Mines to vines plants peace
RUTHERFORD, Calif. – Heidi Kuhn tasted the fruits of her labors in September when she visited Croatia and sampled the first harvest from a vineyard that used to be a minefield.
“We ate the grapes,” she said. “We tasted peace.”
Kuhn is the founder of Roots of Peace, a humanitarian organization that is working to clear land mines and turn the earth back into farmland from Cambodia to Croatia – a project that has drawn the support of several Napa Valley vintners.
Over the past seven years, Roots of Peace, which Kuhn runs with her husband, Gary, has bankrolled the removal of hundreds of thousands of land mines and other unexploded ordnance in four countries and has helped plant vineyards and orchards in Afghanistan and Croatia, rice paddies in Cambodia and wheat fields in Iraq.
Last summer, Roots of Peace received $10 million through the U.S. Agency for International Development to work with various partners, including the University of California at Davis, to restore grape and raisin vineyards in Afghanistan. (No wine grapes are being planted in the Muslim country, where alcohol is forbidden.)
For Kuhn, removing a land mine is one “small victory in the war on terrorism. Because a land mine is a seed of terror. Whether the boot of a soldier or the sandal of a child, it’s an indiscriminate weapon of destruction.”
The organization’s mines-to-vines project hires local mine-clearing companies to do the dangerous work, which often involves using modified tractors that can withstand explosions. Once the land is free of explosives, farmers move in.
“It’s not just about de-mining for de-mining’s sake,” said Liz Bernstein, coordinator for the International Campaign to Ban Landmines. “It’s about returning the land to the community.”
In 2002, the International Campaign to Ban Landmines estimated that 15,000 to 20,000 deaths and injuries from mines were occurring annually. Children particularly are at risk.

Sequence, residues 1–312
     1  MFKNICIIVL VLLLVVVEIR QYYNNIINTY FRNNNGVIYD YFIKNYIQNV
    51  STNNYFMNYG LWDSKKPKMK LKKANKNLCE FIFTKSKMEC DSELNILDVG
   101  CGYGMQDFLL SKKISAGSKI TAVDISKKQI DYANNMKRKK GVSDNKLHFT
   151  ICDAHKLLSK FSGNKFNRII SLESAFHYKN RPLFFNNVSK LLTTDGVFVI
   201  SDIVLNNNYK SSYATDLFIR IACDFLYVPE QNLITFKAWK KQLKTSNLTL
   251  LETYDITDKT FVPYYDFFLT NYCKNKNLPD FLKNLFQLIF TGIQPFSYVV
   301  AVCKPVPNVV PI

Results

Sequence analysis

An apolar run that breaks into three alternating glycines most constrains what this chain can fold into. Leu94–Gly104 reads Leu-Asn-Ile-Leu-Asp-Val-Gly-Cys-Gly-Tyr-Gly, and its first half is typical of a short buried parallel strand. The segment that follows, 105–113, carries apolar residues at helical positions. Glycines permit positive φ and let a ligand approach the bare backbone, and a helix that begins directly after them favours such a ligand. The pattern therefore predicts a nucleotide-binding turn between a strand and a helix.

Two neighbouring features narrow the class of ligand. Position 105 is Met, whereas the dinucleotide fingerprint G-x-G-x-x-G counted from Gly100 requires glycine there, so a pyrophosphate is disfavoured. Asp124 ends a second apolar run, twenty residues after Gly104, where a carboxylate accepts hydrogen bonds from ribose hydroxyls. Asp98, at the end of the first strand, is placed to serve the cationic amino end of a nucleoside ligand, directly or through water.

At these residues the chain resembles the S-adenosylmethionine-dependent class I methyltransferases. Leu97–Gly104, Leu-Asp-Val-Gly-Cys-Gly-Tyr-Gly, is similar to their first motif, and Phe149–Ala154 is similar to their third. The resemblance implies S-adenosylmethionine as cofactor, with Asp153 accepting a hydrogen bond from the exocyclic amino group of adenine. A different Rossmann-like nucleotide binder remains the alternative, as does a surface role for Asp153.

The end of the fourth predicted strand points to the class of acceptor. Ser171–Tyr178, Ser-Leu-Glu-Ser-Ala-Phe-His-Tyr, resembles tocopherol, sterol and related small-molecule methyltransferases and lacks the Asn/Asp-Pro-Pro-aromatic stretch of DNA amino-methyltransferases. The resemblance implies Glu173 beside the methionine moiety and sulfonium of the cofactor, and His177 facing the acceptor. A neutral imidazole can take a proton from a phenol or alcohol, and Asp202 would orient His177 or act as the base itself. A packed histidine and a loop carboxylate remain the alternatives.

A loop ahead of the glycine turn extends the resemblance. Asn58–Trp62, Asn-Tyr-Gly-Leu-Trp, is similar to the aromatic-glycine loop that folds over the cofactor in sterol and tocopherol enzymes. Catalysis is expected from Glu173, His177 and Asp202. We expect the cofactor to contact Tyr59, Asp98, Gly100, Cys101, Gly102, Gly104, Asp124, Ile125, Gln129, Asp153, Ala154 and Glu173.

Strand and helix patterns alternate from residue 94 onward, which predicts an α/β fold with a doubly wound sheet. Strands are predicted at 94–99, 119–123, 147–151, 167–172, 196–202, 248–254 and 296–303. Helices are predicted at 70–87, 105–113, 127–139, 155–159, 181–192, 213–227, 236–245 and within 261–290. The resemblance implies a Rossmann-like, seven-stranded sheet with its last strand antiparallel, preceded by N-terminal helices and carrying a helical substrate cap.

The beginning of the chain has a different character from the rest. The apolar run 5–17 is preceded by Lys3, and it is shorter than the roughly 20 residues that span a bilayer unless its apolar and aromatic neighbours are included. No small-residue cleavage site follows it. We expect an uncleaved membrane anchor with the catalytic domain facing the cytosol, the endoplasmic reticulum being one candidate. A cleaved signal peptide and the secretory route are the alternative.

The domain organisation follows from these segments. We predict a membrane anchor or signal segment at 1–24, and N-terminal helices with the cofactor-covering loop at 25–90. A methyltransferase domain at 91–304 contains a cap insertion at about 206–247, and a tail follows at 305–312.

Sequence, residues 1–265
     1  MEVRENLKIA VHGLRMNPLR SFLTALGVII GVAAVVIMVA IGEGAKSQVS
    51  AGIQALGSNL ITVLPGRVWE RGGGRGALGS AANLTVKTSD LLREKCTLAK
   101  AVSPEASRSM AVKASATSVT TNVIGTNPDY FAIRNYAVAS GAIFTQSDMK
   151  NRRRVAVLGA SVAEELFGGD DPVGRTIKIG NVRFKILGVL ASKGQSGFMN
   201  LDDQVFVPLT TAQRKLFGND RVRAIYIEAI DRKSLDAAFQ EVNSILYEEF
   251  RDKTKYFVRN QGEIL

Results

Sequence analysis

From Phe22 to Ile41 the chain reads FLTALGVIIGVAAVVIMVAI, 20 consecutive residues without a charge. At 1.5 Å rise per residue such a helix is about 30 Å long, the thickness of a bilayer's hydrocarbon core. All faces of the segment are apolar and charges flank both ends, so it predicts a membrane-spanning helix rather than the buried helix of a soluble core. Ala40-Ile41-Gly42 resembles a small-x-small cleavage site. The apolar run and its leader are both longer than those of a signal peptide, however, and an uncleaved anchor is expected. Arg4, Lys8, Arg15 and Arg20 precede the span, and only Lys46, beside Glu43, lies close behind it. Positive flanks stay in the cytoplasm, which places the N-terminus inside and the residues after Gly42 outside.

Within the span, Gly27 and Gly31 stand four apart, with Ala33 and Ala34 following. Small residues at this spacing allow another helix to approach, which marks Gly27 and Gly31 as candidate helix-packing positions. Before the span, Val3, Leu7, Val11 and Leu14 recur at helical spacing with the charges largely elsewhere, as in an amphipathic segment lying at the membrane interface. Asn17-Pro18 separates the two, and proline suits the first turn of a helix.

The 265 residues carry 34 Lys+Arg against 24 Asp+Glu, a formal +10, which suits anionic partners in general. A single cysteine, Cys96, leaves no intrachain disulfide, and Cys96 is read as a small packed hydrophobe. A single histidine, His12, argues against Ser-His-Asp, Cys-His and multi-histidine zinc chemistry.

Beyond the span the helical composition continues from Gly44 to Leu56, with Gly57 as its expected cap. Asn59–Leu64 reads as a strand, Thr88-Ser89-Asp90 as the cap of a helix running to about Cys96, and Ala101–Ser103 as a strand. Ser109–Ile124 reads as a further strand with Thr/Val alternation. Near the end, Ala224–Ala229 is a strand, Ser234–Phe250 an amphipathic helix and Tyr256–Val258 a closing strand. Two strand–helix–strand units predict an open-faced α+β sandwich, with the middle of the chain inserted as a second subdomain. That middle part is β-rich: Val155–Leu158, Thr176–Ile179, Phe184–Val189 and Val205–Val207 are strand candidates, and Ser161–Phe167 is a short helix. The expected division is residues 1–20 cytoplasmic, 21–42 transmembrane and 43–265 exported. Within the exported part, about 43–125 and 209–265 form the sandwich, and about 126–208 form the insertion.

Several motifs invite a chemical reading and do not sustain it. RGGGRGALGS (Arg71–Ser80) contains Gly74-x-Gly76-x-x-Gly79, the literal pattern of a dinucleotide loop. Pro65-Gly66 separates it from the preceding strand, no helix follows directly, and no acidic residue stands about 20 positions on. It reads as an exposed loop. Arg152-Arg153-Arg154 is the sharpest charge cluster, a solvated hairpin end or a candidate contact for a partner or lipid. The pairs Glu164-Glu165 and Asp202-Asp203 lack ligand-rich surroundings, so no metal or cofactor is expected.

There are still an estimated 50 million to 60 million land mines in 80 countries, but progress is being made, Bernstein says. A 1997 treaty to ban the devices has been ratified or supported by more than 140 countries. The United States is not among them.
In 1997, Kuhn, 46, was asked to host a reception for a group working on land mine removal. She had director-turned-winemaker Francis Ford Coppola send over some California wine for a toast.
“That night, I just lifted my glass and said, ‘May the world go from mines to vines.’ And it just went quiet in the room and everyone said, ‘What did you say?’ ” Kuhn said. “They said, ‘You need to take this out of your living room.’ ”
The next day, Kuhn started calling California vintners.
Among those supporting Roots of Peace is vineyard owner Diane Disney Miller, daughter of Walt Disney. She said she jumped at the chance to actually accomplish something in a world of intractable problems.
Other supporters include Croatian immigrant Mike Grgich, founder of the Grgich Hills Cellar winery, and his nephew, winemaker Ivo Jeramaz, who came to the United States in 1986 and lost friends in the fighting in his homeland. Jeramaz and his uncle helped Kuhn locate areas that had the potential to be prime vineyards.
Tony Abrahim, an Afghan immigrant who runs the IMG Home stores in California, is a big supporter of Kuhn’s work in his native country, heavily mined after years of conflict.
“Every mine she takes from Afghanistan – that could be saving somebody’s legs or a kid’s eyes or hands or feet,” he said.
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